1. If ye would understand what your case is e ternally to be, ye must consider what of you it is that is to be eternally tormented : our Lord tells us of both foul and body's being destroyed in hell. Matth. X. 28. Fear not them that kill the body, but are not able to kill the foul; but rather fear him who is able to defroy both foul and body in hell. And this gives us to underftand what is to be the subject of thefe torments finners are to sustain. It is not a finger or a toe; it is not a tooth or a joint; no, but it is the whole man, foul and body, that are to be tormented. And how will ye be able to endure this! If a drop of scalding water fall upon your hand, ye are ready to cry out of intolerable pain: but how will ye then bear it, when a full shower of brimstone, a deluge of burning wrath, will fall upon the whole man? Ye are not now able to hold your finger to the fire; how will ye then endure, when foul and body thall be cast alive in to devouring fire and everlasting burnings? If now the trouble of one part of the body occasion fo terrible disorder, what will
your cafe be, when every faculty, of your souls, every member, every joint, finew and artery of your body, shall be brim-full of wrath?
(2.) Consider, Who is the contriver of these torments. There have been some very exquisite torments contrived by the wit of men, the nam. ing of which, if ye understood their nature, were enough to fill your hearts with horror; but all these fall as far fhort of the torinents ye are to endure, as the wisdom of man falls short of that of God, who is wife, and will bring evil, Ifa. xxxi. 2. Infinite wisdom has contrived that evil, these torments which are to be the eternal portion of all impenitent sinners. If man can find out a rack, a gridiron, a furnace heated seven times, for tor: menting such as he has a mind to punish; what Thall we conceive to be the inventions of infinite wisdom, when it is set on work to contrive a pu. nishment for sinners ? Wisdom, infinite wisdom, well knows the frame, both of foul and body; it knows what faculty of the one or the other, are of most exquisite sense, and what torments can work upon them. God fhews himself wise, not only in bringing evil upon sinners, but in contriving it, so that it shall surpass, what creatures can inflict. ..3. Consider, Who is the inflictor of these tor-, ments, and this will give us a strange prospect of the misery of those who fall under them. It is God, by his own immediate hand. And from this the apostle represents the misery of such who shall fall under this punishment, For we know him that hath said,Vengeance belongeth unto me, and I will recompense, faith the Lord : and again, the Lord Shall judge his people. It is a fearful thing to fall into the hands of the living God, Heb. x. 30,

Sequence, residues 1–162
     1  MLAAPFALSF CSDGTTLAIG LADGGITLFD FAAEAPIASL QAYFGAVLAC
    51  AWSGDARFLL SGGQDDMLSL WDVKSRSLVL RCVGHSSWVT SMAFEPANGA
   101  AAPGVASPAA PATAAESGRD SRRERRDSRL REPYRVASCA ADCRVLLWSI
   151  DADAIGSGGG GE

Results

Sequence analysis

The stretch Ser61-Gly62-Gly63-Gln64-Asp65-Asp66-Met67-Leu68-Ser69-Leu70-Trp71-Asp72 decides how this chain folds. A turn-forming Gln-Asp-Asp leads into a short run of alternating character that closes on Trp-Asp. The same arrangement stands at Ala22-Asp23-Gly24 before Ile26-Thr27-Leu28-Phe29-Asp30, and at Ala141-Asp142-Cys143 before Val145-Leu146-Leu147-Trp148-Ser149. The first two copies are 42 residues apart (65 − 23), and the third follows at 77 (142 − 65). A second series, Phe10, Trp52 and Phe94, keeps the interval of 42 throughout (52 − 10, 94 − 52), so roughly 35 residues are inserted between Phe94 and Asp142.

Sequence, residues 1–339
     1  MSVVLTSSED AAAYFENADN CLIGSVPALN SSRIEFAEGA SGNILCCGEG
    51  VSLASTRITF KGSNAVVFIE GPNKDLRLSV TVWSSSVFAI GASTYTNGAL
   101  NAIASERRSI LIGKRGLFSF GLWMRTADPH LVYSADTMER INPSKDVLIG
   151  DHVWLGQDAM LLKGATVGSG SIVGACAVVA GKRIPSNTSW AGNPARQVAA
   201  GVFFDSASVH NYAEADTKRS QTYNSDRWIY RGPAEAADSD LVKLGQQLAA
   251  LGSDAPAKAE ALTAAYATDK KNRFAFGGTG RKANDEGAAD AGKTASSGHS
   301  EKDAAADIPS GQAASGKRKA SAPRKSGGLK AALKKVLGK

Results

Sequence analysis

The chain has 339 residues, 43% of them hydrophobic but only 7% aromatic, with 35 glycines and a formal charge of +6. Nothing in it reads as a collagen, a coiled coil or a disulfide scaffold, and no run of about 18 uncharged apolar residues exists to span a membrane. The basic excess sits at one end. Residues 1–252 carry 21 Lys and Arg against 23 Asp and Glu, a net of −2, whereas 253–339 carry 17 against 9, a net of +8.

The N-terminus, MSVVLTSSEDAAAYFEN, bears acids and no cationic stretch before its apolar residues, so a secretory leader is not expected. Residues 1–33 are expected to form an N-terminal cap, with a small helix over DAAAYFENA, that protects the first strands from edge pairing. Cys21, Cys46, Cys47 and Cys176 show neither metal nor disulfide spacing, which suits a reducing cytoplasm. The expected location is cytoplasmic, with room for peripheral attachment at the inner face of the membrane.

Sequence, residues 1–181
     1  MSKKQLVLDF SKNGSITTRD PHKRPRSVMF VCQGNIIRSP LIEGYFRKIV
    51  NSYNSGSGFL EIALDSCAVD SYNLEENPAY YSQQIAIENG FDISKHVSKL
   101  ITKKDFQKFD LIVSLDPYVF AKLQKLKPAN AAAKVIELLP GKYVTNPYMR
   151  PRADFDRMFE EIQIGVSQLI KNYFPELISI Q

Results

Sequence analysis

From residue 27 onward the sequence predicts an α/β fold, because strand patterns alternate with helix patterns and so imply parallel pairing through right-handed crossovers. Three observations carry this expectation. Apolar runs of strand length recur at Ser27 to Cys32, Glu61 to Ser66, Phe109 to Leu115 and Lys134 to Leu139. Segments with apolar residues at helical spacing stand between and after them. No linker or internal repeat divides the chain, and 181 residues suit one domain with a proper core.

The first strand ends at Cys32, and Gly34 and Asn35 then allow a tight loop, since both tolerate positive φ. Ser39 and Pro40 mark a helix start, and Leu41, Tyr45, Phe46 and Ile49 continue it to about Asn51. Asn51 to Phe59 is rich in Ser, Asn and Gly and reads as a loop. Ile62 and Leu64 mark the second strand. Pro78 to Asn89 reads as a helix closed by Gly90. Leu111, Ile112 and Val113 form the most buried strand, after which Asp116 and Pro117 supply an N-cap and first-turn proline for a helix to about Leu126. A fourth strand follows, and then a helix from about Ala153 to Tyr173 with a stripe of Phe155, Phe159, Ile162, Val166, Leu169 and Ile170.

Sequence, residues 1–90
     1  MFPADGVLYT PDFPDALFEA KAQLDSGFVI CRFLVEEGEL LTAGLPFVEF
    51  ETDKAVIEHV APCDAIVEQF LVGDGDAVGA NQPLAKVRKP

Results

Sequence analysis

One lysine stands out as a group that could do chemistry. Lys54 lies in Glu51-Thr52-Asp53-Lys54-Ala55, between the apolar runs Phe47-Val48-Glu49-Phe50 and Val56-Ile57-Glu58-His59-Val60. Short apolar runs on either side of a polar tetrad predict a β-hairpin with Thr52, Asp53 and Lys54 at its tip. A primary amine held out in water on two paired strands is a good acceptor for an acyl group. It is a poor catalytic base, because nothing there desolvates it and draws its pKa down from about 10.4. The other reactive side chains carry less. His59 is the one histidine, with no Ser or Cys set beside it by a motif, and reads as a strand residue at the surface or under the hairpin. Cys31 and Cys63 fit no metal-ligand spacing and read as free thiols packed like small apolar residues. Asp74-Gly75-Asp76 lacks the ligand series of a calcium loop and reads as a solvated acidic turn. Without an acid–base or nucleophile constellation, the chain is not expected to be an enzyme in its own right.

31. Should God but give a commission to some creature to torment us, if it were but to a flea to. leap into the eye, and there to abide, how great would this torment be? But much more terrible would your case be, if God should set his wisdom a work, to find out and invent what mixture of torments from creatures would be most exquisite, and then inflict, thele upon you; this could not but make your care miserable: since the nature of man is capable to receive comfort or disquietment from every creature; and God knows not only our frame and make; but that of all the other creatures, and therefore understands what might contribute most to our disquiet and torment; should God deal thus, it would make very exquisite torments indeed, but all this were nothing to his own immediate hand and power. His little finger is more terrible than the joint power of all the creatures. As there is no searching out of his understanding, so there is no searching out of his power, who is the inflicter, the author of the eternal torment of sinners, who shall be punimed with everlasting destruction from the presence of the Lord, and from the glory of his power, 2 Thes. i. 9. But of this more anon.
4. Consider what it is that engages infinite pow. cr, and sets on infinite wisdom, and this will give you yet a inore terrible representation of your mifery. If it were only justice, ye might expect that there might possibly be some abatement made; but it is anger, fury, the height of fury, that sets wisdom a work to contrive, and power on work to work your misery; and therefore miserable ye must of necessity be, beyond thought or expression. A remarkable scripture to this purpose we sive in Nahum i. 2---6. God is jealous, and the